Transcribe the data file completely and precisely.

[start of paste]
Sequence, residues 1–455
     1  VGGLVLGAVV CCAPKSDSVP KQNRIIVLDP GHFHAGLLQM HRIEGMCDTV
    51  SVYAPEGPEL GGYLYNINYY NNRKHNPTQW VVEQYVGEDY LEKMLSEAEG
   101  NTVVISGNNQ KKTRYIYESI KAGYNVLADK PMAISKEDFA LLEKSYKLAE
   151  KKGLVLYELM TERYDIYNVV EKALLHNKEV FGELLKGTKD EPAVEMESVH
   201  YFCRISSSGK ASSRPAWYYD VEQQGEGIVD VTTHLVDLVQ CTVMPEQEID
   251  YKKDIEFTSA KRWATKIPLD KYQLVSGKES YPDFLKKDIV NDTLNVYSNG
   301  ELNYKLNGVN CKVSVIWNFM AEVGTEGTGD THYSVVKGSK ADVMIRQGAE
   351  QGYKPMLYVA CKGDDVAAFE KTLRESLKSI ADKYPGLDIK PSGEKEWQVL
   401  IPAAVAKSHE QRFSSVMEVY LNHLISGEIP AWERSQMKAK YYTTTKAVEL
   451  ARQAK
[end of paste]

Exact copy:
Sequence, residues 1–455
     1  VGGLVLGAVV CCAPKSDSVP KQNRIIVLDP GHFHAGLLQM HRIEGMCDTV
    51  SVYAPEGPEL GGYLYNINYY NNRKHNPTQW VVEQYVGEDY LEKMLSEAEG
   101  NTVVISGNNQ KKTRYIYESI KAGYNVLADK PMAISKEDFA LLEKSYKLAE
   151  KKGLVLYELM TERYDIYNVV EKALLHNKEV FGELLKGTKD EPAVEMESVH
   201  YFCRISSSGK ASSRPAWYYD VEQQGEGIVD VTTHLVDLVQ CTVMPEQEID
   251  YKKDIEFTSA KRWATKIPLD KYQLVSGKES YPDFLKKDIV NDTLNVYSNG
   301  ELNYKLNGVN CKVSVIWNFM AEVGTEGTGD THYSVVKGSK ADVMIRQGAE
   351  QGYKPMLYVA CKGDDVAAFE KTLRESLKSI ADKYPGLDIK PSGEKEWQVL
   401  IPAAVAKSHE QRFSSVMEVY LNHLISGEIP AWERSQMKAK YYTTTKAVEL
   451  ARQAK